Nicolas Roche: 'I got a great laugh out of seeing the guys dancing and singing to the camera'
Thursday, September 6, Stage 18: Aguilar de Campoo -- Valladolid 204.5km
FROM spending the last three weeks in various rooms with my team-mate Maxime Bouet, I've noticed how much he is obsessed with his hair. He brings enough equipment with him everywhere to run a small barber shop and likes to cut his own hair every three or four days.
As the unofficial team barber, Max also cuts most of team's hair and a few days ago he cut mine, which coincided with a Samson-like loss of strength in the high mountains.
My legs were feeling pretty crap at the start this morning and I was beginning to regret my late attacks on the final climb yesterday as guys started shooting off up the road as soon as the flag was dropped.
Although five riders jumped away straight after the start, the second division Caja Rural team took it upon themselves to chase for the next 30km before there was any respite.
On the all too infrequent calmer sections, I had a quick chat with my friend Amael Moinard from BMC mid-stage. I'm going to his wedding in October in Caen in Normandy and I wanted to find out the nearest airport and the best hotel arrangements. I'm really looking forward to it as our mutual friends and fellow pros Maxime Monfort of Radioshack and Geoffrey Lequatre of Saur Sojasun are going as well and it will be nice to get the old training group back together for a day out.
I also had a good laugh with my current training partner -- and current Vuelta King of the Mountains -- Simon Clarke today. His team, Orica GreenEdge, followed on from the American Olympic Swimming team and have been busy making their own lip sync video of 'Call Me Maybe' by Carly Rae Jepsen over the past two weeks on the race.
I watched it on YouTube last night (tinyurl.com/9or5kqa) and got a great laugh out of seeing the guys, who are normally so serious on a bike, dancing and singing to the camera. Cork soigneur and Irish team masseuse Sandra Hodnett works for the team and is also in the video. The whole team really got into it, with riders even dropping back to the team car on some stages and miming the words to the camera mid-race. From riders to management and staff, even the team chef, everyone really put a lot of effort into it.
The best part for me, however, was Simon's performance in the video. While receiving his King of the Mountains jersey on the podium after a stage, Simon turned his back to the crowd, pointed at the rear of his jersey for 'Here's my number' and then did the 'Call Me Maybe' motion to the crowd. To do that on the podium of the Vuelta, flanked by flower girls and dignitaries -- with the whole world watching -- was awesome, although most people probably thought he had gone mad.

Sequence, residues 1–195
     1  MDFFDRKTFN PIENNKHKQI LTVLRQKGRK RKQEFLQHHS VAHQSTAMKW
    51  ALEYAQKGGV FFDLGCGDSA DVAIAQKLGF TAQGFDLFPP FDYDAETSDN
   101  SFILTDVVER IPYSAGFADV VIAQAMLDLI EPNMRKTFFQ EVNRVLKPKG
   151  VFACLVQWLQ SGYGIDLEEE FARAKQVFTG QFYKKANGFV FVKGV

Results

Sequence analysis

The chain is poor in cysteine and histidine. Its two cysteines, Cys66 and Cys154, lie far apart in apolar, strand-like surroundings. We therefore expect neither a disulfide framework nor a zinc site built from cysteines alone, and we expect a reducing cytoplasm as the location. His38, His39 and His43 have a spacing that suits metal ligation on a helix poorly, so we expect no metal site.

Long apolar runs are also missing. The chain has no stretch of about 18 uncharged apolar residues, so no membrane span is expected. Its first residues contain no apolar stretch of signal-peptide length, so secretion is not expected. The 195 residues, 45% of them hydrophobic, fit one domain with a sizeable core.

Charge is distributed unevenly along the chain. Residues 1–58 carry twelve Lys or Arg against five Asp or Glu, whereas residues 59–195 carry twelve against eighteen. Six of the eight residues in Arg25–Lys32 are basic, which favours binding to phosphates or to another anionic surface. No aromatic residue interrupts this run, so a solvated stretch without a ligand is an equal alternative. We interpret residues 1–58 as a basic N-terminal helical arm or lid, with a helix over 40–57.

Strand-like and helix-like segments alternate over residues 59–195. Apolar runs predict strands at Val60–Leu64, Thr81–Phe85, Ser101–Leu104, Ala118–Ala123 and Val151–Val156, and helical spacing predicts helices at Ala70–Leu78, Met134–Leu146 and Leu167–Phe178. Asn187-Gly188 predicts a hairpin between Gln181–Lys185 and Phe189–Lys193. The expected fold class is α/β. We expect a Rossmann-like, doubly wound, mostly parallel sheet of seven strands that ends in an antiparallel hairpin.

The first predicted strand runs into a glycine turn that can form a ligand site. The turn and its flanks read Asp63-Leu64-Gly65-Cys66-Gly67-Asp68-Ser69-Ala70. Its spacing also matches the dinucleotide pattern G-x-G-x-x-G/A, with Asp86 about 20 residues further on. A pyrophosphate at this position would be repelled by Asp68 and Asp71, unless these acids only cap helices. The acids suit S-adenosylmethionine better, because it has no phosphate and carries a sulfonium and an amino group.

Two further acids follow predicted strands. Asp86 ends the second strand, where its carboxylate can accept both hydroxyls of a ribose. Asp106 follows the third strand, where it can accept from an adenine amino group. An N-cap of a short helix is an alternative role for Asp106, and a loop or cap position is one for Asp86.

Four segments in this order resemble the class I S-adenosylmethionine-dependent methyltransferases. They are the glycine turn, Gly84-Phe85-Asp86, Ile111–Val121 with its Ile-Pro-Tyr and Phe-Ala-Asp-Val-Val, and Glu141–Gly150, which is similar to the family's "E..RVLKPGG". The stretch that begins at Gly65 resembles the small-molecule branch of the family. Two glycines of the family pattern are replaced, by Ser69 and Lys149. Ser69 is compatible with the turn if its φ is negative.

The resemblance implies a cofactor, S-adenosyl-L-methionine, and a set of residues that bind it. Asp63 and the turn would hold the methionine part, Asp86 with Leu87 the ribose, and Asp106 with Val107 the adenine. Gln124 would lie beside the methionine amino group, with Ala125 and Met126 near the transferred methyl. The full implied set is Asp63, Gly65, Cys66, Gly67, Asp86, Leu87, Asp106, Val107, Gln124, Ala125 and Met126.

Simon is a sprinter normally but has ridden himself into the King of the Mountains jersey by going in long breakaways and mopping up points by cresting as many climbs as possible in first place. He even managed to win his first Grand Tour stage on a mountainous stage four from a long breakaway. Although former race leader Joaquin Rodriguez is only two points behind him overall, with no climbs today or tomorrow, Simon could relax, safe in the knowledge that nobody could take the jersey off him.
But he also knows he will have to do another long kamikaze-style breakaway on Saturday to garner as many points as possible before Rodriguez and the other real climbers do their thing on the summit finish to Bola de Mundo on Saturday.
Christophe (Riblon) and Blel (Kadri) are are struggling to get through this Vuelta. Max and (Rinaldo) Nocentini are going well and Ben Gasteur is doing a lot of work.
We were mostly out in the wide open countryside all day which meant that there was plenty of wind and plenty of fighting for shelter. The final two-thirds of the stage today were like a MotoGP as the Argos Shimano and Radioshack teams tore along at the front of the peloton to bring the break back and set up the stage for a bunch sprint finish. Just before we caught the breakaways, with around 15km to go, there was a strong crosswind and the bunch split in half under the pressure of the chase, leaving about 90 of us sprinting for the stage, eventually won by Radioshack's Daniele Benatti.
My team-mate Lloyd Mondory got fourth today without any help or big lead-out train. Lloyd does a lot of work for us and it's a pity we can't give him as much help as he needs in the final sprints but he did a great sprint and the team are pretty happy with the race so far even if we haven't won a stage yet, and I've dropped down the GC.
With such a hard day coming on Saturday, tomorrow's stage could go either way. The favourites could want to save their energy and let a big group of lowly-placed riders go up the road early on, gain loads of time and decide the stage, or else the sprinters' teams will control it and bring it together for the finish. I'd love to slip away in a large group but I know that I am being very tightly marked and probably won't get the opportunity.
Although the stage is mainly flat, there is a short, steep, 2km ramp to the finish in La Lastrilla. If all else fails, the plan is to have a go there, but anything could happen.
Vuelta a Espana,
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